There are plenty of pros to working freelance and gig jobs, but there are of course some cons. Unfortunately, the cons can be major, since they often have to do with no-longer having access to important things like benefits. Nearly nine in 10 (87%) of Millennials working gig jobs say they’re concerned about lack of health and dental benefits. Many great things can come with going freelance, but one of them is having to adult and figure out how to protect yourself when it comes to your health. Talk to a professional who can help you determine your best benefit options.
Get Life Insurance
If you’re used to things like your insurance being taken care of by your employer, think again. Once you enter the world of gig jobs and freelance, it’s all up to you, baby. Of course there is a chance that you could be part of the 16% of Millennials who do receive insurance through their gig job, but, realistically, what are the chances of that happening? Your best option is to look into setting up your life insurance asap, because the younger you are when you buy it, the less you will likely pay for your coverage and your premiums will not increase for the term you choose. Seriously, there’s a difference between buying when you’re young and healthy than when you’re older and, well, possibly not as healthy. Lock in now and save that cheddar! P.S. The folks at TD Insurance made it easy for you to figure out how much life insurance you may need with their Right Fit Coverage Assessment tool.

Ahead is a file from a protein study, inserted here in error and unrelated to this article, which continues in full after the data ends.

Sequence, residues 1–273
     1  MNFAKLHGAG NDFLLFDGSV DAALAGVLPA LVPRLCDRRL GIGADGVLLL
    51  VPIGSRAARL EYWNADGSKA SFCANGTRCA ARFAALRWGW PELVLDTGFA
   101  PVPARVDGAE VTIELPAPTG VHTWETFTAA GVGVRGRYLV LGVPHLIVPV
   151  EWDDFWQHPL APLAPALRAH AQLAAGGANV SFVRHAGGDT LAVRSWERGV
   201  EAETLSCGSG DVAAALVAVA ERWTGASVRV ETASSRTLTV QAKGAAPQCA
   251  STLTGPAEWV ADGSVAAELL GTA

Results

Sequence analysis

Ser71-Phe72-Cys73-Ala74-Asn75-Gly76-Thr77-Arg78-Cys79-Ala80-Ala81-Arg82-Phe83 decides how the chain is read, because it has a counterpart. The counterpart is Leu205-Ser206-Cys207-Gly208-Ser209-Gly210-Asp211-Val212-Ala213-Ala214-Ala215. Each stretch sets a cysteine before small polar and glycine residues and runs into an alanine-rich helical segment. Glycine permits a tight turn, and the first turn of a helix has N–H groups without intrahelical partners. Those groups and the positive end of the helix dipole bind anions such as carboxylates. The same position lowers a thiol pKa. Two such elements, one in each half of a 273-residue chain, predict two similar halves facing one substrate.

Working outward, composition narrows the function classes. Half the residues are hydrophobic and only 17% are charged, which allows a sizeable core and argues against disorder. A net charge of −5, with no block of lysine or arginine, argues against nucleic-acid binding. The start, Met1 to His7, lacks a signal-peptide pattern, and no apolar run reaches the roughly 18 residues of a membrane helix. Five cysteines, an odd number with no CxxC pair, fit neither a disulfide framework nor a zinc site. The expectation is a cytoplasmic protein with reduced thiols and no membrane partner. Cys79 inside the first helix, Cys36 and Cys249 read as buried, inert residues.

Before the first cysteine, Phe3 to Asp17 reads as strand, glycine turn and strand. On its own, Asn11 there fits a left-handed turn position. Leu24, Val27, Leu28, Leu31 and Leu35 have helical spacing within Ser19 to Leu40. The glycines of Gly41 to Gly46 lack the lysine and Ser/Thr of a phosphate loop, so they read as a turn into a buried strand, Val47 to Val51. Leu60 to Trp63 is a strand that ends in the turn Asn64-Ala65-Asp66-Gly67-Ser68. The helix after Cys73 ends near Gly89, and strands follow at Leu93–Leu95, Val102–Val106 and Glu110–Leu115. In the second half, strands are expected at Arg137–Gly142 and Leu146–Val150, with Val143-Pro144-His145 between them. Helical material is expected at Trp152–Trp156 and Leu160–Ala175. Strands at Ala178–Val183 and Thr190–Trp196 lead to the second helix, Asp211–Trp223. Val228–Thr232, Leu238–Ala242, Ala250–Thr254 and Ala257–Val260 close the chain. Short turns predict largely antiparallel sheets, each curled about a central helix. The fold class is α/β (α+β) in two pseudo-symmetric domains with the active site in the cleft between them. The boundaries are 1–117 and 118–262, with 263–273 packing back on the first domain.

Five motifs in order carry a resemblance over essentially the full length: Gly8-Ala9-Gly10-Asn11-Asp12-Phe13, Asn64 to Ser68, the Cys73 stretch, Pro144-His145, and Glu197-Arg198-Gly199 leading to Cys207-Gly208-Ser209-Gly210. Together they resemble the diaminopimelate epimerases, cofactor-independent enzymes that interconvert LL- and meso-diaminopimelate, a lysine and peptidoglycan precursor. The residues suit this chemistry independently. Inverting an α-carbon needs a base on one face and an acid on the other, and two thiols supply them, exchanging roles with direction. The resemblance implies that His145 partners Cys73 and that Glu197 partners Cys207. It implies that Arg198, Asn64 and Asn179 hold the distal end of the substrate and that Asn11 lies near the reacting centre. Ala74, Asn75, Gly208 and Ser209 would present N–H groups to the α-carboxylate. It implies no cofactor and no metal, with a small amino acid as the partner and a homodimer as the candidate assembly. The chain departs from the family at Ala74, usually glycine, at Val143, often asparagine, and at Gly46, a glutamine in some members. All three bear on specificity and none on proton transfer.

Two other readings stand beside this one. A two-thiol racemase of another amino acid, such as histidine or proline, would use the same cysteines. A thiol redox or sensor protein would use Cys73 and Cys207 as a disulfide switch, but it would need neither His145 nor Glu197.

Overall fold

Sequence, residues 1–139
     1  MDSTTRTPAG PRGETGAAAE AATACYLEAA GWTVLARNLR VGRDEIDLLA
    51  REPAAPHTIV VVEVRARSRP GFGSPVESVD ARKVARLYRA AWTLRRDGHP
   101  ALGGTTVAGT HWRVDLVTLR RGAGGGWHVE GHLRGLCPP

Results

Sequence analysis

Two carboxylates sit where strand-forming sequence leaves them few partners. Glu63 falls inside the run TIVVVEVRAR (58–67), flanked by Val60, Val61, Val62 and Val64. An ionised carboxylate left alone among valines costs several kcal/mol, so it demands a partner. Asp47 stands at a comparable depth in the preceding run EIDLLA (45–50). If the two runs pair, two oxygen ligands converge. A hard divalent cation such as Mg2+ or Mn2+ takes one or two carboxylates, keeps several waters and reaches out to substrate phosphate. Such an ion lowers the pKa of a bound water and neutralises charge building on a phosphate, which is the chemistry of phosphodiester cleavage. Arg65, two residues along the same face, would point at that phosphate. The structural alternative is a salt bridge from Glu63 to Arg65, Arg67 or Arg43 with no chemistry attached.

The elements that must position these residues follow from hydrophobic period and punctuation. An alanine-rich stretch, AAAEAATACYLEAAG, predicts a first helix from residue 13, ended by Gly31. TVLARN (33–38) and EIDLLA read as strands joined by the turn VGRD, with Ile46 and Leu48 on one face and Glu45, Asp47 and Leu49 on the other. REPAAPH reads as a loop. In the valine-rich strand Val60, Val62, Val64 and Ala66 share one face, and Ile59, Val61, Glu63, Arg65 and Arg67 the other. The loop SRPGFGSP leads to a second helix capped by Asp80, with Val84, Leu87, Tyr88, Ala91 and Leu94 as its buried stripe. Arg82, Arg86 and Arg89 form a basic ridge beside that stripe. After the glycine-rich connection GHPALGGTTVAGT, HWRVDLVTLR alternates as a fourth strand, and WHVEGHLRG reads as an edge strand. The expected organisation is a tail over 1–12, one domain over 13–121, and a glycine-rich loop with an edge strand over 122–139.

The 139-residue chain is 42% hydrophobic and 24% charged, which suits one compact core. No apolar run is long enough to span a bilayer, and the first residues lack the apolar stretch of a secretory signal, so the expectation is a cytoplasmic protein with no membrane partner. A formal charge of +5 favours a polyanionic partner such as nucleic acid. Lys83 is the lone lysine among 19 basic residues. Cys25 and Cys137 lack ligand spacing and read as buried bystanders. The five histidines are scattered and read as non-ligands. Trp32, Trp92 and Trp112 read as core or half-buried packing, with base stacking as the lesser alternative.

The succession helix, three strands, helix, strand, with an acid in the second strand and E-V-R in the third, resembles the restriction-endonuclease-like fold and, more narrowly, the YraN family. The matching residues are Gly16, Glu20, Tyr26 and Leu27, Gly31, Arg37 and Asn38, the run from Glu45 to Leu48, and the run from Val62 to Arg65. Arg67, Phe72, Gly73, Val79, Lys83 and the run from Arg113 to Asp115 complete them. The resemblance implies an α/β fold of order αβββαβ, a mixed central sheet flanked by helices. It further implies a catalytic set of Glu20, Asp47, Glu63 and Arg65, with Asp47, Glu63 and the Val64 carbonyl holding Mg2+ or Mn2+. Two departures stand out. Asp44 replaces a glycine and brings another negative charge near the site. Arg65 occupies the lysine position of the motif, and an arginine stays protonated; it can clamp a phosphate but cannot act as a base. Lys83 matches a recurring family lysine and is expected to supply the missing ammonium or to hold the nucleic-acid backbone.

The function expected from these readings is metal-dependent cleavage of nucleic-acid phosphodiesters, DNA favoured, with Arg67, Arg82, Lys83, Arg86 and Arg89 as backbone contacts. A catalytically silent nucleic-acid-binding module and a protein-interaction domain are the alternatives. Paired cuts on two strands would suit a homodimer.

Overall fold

Set Up Your Financial Plan
Talking about (and dealing with) your finances is a huge part of running your own business. That’s right, we said it! As a freelancer, you now run your own business (even if it’s a small one!) and you have to be in control of your finances. Setting up your financial plan is an important step that can be much easier when you reach out to an expert for help. Ask an advisor what factors need to be considered and what you need to set up to ensure you’re financially prepared and protected now and into the future. =
Save for Retirement
Contribute what you can to your retirement savings. Speak with your financial advisor about options for growing your money that best suit your needs. Personally, I love having a bit of money automatically put towards my savings every month because I don’t even notice it—until I see how much as added up in my account!
Ask For Help
There is a lot to think about and deal with when you start working for yourself (trust us, we know from experience!) and it can be all too easy to stick your head in the sand and try to ignore your problems. If things like life insurance, money, savings, taxes and even how to set up things like a business registration are stressing you out, know that you’re not alone. Not many of us are given this knowledge before we venture into new career paths on our own, so don’t be afraid to ask for help. Ask your friends, ask your family, ask professionals—the sooner you find the help you need the less daunting it will be.
(Story by Editor-in-Chief, Gracie Carroll)
*Please note that this post has been brought to you thanks to a paid partnership with TD Insurance, all thoughts and opinions are our own.*